GREENVILLE, N.C. (WNCT) – 9 On Your Side reported just last month on a two-year-old who survived a timber rattlesnake bite.
Now, experts are weighing in on why more of these bites may happen in our area.
“Honestly, I’d probably just run from it,” said Brandi Herring, who’s concerned about an increase in snake bites. It usually happens in eastern Carolina at the end of the summer.
“In the summer it gets so hot, you know, it’s 90, 99, 100, and they go into another sort of inactive period called estivation and it’s like a summer time hibernation,” explained Brody School of Medicine snake expert Dr. Sean Bush.
Now, snakes are coming out of hiding with additional offspring. Some hospitals in North Carolina are reporting an increase in snake bite victims.
“The babies are just, whew, everywhere,” said Bush. “Most people get bitten by these baby rattlesnakes or baby copperheads.”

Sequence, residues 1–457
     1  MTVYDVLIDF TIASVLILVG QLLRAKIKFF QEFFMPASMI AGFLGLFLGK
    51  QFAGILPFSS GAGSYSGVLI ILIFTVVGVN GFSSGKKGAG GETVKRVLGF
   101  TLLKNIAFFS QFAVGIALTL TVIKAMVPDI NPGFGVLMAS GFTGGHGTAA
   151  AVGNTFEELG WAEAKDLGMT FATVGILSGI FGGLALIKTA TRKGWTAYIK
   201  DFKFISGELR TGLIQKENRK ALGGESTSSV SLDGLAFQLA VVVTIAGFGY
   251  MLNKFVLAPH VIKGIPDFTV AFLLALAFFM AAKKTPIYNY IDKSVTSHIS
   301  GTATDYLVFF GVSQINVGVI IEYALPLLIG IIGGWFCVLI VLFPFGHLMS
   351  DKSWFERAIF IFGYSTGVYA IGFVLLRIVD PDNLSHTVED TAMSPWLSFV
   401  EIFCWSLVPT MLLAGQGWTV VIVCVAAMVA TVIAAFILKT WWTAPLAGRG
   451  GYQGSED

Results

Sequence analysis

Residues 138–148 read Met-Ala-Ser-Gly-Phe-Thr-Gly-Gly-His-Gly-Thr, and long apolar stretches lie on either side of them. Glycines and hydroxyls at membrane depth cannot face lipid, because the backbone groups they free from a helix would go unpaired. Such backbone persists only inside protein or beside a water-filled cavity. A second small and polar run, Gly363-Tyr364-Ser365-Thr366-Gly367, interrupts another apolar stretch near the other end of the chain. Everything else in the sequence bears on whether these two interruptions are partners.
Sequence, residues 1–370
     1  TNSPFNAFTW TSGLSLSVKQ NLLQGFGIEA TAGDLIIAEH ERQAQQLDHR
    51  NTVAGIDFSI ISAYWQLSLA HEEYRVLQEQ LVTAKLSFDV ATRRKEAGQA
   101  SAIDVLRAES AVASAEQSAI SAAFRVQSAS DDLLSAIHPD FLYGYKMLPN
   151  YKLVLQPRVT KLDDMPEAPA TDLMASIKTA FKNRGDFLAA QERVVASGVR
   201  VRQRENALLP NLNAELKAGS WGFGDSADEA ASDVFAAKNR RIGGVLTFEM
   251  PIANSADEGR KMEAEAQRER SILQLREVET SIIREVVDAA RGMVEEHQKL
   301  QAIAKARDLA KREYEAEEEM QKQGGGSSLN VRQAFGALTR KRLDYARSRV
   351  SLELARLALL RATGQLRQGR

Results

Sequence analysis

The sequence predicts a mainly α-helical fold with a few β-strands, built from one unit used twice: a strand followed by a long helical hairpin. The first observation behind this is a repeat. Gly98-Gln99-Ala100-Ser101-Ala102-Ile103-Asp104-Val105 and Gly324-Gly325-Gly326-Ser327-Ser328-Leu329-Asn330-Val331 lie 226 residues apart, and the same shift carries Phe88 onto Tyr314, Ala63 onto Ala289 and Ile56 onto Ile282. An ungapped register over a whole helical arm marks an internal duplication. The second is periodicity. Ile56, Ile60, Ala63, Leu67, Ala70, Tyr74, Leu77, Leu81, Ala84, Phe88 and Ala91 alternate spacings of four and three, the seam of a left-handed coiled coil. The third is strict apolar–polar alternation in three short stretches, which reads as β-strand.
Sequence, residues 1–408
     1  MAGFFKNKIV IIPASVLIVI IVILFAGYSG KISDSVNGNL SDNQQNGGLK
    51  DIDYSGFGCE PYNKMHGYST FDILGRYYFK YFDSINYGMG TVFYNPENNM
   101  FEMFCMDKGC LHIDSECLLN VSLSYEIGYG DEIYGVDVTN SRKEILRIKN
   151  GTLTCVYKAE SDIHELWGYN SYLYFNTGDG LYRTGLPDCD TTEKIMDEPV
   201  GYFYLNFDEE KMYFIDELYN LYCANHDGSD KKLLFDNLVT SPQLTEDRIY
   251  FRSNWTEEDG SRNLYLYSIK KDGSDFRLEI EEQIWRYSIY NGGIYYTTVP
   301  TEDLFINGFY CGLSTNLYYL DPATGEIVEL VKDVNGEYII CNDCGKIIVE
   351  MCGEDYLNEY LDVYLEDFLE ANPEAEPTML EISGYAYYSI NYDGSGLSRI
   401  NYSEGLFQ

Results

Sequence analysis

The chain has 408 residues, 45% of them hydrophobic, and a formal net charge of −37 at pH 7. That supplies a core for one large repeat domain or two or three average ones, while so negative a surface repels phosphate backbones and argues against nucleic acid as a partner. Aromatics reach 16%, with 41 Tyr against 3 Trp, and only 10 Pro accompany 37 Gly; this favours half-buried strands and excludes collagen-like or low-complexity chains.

He said, in the coming weeks, it will be common to find one or more venomous snakes in the east.
Snakes often hide under debris or log piles, so they blend in. If you find one take caution.
“You shouldn’t just, like, reach with your fingers under there,” said Bush. “But you can use tools. You could use a shovel or tongs.”
Herring said she’s going to be more careful and cautious, “I’ll probably be on the lookout a lot more. And like when I go to the park, just like in the grass and stuff, be more aware of them.”
The most common snakes you’ll find in eastern Carolina area are copperheads, cottonmouths, and even, sometimes, rattlesnakes, all of which are venomous.